Monday | May 12, 2003
Democrat governors will reinvent Party
Much forgotten in last November's "GOP sweep" was the fact that there really was no sweep. The Senate losses came in extraordinarily close races, all of which broke the GOP's way. There's no reason to minimize the pain those losses caused, but they did not reflect the collapse of the Democratic Party. And for proof, just take a look at our performance in the governor races:
The Democrats took the following 11 state houses from the GOP:
Republican took the following seven from the Dems:
The GOP also took MN from the Independence Party.
Note that all of the GOP's pickups, except for Georgia, came in small states. The Democratic Party garnered solid wins in Illinois, Michigan, and Pennsylvania. So what's the significance of these victories?
Governorships are training grounds for potential national candidates. There's one reason and one reason only that Alaska is in play next year -- because former governor Tony Knowles may run. The same could happen in future years with our new red-state governors in Arkansas, Kansas, Oklahoma and Wyoming.
Governors also provide strong potential presidential candidates. Our 2002 pickups provided at least two top-tier potential prez candidates -- NM's Bill Richardson and PA's Ed Rendell. While I actually believe our current crop of candidates provides us with a strong field, governors have historically offered the strongest candidates for either party.
Election Day 2004
CW is that a governor gives his or her party a 2-3 point boost in the presidential campaign (given the guv's political infrastructure, donor base, bully pulpit, etc.). In that regards, Democrats had huge pickups in IL, MI, NM, PA, TN, WI and AZ. In return, the Dems gave up only one battleground 2004 state: New Hampshire (while the GOP also gained MN).
Shaping the Political Agenda
State government is, in many ways, more immediate to people than anything coming out of DC. GOP governors, especially the batch in the moderate midwest (in WI's Thompson, IL's Edgar, MI's Engler, and PA's Ridge), provided the ideological foundation for Bush's "compassionate conservatism". Those governors are now all gone, entirely replaced by Democrats, but their legacy currently resides at 1600 Pennsylvania Avenue.
The Democrats are now in position to offer the same to the Democratic Party. On tap? A practical demonstration on the Democratic Party's evolution beyond "tax and spend". The results are startling: while Democratic governors (outside of the mess in California) are steadfast in their opposition to new taxes, GOP governors in places like Alabama, Alaska, Arkansas, Connecticut, Georgia, Idaho, Ohio, Maryland, New York, and Nevada are moving in the opposite direction.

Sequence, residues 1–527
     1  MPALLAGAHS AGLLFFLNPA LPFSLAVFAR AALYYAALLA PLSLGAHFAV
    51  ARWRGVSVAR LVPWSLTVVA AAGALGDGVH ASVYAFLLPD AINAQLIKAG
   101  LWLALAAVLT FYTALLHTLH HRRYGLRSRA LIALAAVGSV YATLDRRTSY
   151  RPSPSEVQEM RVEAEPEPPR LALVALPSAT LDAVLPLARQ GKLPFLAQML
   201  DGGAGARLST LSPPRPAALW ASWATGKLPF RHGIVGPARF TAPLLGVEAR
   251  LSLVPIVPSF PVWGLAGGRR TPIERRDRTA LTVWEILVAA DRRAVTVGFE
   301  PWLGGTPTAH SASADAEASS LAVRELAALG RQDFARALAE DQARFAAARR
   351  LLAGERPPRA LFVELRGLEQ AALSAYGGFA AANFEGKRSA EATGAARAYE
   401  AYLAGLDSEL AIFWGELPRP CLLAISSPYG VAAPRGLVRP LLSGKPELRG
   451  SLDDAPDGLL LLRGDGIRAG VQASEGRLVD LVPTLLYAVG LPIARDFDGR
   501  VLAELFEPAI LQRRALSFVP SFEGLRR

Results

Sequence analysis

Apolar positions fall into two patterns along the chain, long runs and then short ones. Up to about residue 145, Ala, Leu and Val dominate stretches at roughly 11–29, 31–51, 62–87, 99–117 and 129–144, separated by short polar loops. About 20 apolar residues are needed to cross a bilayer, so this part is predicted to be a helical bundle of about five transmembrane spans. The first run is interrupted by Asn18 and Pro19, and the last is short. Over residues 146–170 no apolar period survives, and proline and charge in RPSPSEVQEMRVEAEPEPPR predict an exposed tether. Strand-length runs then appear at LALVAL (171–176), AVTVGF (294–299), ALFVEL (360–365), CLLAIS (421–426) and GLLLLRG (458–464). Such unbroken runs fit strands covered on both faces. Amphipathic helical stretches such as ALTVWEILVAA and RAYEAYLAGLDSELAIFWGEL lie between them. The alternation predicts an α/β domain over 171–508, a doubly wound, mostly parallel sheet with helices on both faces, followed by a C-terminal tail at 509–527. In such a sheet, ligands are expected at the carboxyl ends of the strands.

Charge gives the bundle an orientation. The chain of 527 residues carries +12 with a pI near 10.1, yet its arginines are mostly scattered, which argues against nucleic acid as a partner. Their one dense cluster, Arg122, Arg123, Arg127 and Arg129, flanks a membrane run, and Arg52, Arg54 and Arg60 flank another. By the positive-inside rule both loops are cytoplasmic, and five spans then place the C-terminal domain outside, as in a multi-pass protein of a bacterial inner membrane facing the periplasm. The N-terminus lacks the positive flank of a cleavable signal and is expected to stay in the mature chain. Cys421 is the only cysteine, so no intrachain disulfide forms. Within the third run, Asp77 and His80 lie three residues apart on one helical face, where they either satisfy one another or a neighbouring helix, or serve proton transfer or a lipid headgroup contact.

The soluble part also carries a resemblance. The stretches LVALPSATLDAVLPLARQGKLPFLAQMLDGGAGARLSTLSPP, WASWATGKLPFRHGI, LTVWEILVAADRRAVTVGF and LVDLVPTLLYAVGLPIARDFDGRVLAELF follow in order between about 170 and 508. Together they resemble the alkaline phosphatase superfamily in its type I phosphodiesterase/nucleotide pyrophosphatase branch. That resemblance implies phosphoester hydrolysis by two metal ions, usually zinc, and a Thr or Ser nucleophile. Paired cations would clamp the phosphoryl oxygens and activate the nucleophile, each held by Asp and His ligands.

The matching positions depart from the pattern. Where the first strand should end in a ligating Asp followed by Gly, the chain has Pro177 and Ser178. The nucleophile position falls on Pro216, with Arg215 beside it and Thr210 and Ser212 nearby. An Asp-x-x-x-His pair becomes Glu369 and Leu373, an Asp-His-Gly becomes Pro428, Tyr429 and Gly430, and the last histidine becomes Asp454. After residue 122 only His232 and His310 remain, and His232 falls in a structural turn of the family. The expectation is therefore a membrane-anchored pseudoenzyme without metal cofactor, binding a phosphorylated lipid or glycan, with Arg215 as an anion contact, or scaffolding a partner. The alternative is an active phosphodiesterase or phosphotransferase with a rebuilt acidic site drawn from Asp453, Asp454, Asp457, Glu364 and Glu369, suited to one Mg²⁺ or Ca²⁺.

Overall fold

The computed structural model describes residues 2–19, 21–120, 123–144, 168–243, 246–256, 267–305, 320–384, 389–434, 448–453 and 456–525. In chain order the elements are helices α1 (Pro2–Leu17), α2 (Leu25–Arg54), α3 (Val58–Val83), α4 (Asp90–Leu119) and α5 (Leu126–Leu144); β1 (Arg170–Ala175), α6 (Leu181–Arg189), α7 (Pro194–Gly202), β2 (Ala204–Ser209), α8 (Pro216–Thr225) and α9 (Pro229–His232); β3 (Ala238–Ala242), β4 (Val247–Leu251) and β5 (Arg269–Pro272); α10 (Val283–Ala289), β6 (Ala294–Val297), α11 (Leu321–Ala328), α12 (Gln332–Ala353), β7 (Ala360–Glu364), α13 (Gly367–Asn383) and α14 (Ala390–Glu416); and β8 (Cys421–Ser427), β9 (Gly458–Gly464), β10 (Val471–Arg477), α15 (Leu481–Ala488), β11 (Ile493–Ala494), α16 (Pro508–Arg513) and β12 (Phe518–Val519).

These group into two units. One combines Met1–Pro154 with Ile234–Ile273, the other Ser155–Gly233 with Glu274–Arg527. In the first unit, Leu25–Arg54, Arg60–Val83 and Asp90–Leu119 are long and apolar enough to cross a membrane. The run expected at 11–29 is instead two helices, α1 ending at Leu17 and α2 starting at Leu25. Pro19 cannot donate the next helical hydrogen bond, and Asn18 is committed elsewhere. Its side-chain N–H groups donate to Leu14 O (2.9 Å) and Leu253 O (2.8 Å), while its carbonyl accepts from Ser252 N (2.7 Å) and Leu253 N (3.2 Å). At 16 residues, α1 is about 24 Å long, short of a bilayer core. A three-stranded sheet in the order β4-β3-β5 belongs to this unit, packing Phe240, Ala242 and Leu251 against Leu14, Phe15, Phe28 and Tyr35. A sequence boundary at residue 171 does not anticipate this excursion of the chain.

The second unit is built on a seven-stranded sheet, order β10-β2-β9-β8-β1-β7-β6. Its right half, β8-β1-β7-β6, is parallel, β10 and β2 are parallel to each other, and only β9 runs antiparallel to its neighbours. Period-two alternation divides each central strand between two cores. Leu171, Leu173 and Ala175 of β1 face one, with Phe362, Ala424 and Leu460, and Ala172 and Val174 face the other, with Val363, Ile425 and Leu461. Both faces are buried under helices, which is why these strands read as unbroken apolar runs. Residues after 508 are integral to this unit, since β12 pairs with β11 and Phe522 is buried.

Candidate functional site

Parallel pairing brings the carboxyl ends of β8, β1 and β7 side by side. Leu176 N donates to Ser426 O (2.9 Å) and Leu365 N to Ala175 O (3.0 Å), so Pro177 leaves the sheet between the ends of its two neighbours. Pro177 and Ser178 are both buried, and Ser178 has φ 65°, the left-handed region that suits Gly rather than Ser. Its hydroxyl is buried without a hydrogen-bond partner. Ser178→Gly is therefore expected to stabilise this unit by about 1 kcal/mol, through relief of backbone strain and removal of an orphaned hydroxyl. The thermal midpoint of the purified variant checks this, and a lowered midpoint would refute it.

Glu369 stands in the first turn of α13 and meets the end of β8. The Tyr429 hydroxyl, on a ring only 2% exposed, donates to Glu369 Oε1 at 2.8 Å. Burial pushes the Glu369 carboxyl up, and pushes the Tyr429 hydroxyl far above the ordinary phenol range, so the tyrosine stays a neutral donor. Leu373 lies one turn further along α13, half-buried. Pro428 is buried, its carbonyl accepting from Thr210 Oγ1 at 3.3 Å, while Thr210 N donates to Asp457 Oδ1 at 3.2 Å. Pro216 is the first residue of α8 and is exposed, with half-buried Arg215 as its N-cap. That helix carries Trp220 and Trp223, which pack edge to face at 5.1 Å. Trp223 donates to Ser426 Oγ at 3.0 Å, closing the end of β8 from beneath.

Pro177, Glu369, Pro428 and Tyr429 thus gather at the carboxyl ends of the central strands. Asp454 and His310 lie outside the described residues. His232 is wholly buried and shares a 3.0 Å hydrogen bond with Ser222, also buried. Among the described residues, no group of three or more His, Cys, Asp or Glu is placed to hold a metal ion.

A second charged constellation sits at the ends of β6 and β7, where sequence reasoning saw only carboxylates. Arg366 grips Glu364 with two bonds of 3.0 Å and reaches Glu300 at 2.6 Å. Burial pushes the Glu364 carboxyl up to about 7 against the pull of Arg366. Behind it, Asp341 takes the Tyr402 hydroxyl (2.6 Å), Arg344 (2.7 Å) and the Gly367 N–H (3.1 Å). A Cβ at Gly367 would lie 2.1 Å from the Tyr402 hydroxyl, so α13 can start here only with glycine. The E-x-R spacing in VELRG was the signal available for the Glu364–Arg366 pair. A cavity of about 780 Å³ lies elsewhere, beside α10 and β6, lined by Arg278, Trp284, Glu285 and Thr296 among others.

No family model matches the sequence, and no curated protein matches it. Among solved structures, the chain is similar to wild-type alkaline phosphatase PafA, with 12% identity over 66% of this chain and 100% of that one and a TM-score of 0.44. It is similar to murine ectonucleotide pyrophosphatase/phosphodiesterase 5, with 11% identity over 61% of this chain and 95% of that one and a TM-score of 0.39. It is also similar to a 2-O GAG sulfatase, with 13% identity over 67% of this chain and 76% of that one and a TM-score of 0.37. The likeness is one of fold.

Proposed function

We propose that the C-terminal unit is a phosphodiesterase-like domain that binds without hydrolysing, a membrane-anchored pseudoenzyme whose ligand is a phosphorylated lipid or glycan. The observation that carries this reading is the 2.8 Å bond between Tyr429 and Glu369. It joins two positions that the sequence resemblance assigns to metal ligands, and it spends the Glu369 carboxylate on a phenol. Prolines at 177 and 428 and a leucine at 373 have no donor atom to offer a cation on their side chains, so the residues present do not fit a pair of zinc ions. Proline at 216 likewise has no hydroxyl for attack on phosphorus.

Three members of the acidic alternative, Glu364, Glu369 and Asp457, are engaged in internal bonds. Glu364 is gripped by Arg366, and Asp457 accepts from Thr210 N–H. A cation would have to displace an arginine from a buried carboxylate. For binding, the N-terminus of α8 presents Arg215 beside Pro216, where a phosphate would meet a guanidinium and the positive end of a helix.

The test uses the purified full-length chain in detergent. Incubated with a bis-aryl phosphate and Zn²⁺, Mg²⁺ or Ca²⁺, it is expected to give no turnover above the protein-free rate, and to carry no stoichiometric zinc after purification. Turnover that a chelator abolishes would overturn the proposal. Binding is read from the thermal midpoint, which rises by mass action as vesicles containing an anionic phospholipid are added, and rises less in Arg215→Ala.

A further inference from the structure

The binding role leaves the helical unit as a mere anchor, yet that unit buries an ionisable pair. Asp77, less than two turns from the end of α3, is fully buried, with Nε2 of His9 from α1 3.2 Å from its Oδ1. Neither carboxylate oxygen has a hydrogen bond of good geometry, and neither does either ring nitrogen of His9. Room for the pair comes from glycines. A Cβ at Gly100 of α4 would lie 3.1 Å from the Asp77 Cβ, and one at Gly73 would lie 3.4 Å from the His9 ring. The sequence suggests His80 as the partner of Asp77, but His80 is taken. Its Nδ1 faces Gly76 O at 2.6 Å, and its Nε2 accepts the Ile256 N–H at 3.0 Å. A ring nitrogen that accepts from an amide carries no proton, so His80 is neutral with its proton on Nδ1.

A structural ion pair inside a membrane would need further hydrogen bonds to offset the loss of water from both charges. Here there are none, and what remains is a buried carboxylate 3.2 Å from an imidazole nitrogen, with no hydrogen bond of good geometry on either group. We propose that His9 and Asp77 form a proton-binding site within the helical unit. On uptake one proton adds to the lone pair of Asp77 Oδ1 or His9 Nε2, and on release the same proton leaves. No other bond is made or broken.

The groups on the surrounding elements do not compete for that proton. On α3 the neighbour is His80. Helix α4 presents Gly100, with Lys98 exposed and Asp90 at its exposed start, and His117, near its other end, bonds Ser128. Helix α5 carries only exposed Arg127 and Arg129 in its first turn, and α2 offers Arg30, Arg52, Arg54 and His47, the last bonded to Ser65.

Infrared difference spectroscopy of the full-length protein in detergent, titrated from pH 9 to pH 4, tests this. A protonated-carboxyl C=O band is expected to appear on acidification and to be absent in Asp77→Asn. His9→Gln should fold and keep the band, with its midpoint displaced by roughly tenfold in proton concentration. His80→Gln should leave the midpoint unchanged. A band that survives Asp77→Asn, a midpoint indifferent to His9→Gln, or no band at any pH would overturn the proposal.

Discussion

As for the Democrats? Check out Alabama, Oklahoma, Tennessee, Washington, and Wisconsin.
Indeed, the notoriously anti-tax Cato Institute, writing on the issue, puts it best:
Not since Reconstruction had a Republican won a governor's race in Georgia -- until last November, when Sonny Perdue pulled off a stunning come-from-behind victory over incumbent Democrat Roy Barnes. But after 120 years of Republican exile from the governor's mansion, it took Gov. Perdue only about 120 minutes to endorse Georgia's largest tax increase in memory: $600 million [...]
Perdue isn't the only GOP governor flirting with higher taxes. An analysis by the American Legislative Exchange Council (ALEC) notes that with nearly $100 billion in state deficit spending gaps to close this year (New York and California make up about half that shortfall), governors may end up raising taxes by half that amount, making 2003 the biggest tax-hike year ever for the states. And yes, many of the calls for the biggest tax increases are coming from Republicans. In Idaho, Gov. Dirk Kempthorne is seeking a 1.5 cent per dollar hike in the sales tax. In Arkansas, Mike Huckabee is lobbying for a sales tax hike and assorted other fee increases, as are Kenny Guinn of Nevada and Bob Taft of Ohio. One of the most cockeyed tax schemes has been advanced by John Rowland of Connecticut, who has called for a Clintonesque "millionaire income tax surcharge." [...] So now, a state that flourished for 200 years without an income tax has a Republican governor who can't conceive of any way to balance the budget without raising it.
But here's the really strange twist of fate in state-level politics: Suddenly many Democratic governors are shunning new taxes and trimming agency fat after a decade-long state spending feast. Admittedly it's early, but so far there are signs that the 2002 elections ushered in a new breed of ambitious, politically non-suicidal Democratic governors, including Jennifer Granholm of Michigan, Ed Rendell of Pennsylvania, and Bill Richardson of New Mexico [...]
For now at least, these new-new Democrats are begging off broad-based tax hikes to plug budget holes and are actually cutting spending. Tennessee's new governor, Phil Bredesen, has dismissed Republican predecessor Don Sundquist's wildly unpopular call for a state income tax, and instead is seeking a 5 percent across-the-board spending cut to balance the budget. [...]
Contrast that common-sense approach with the strange goings-on in Idaho. Kempthorne stunned even his most enthusiastic supporters in January by endorsing what would be the biggest tax increase in Idaho history.
I am not about to subscribe to Cato's contention that all tax raises are bad, and all tax cuts are good. But fact of the matter is, the Democratic Party is assuming the mantle of "Party of Fiscal Discipline", while the GOP, led by its spending-happy president, is becoming the party of fiscal disaster.
And throughout it all, our new breed governors will lead the way.
Posted May 12, 2003 01:09 AM | Comments (75)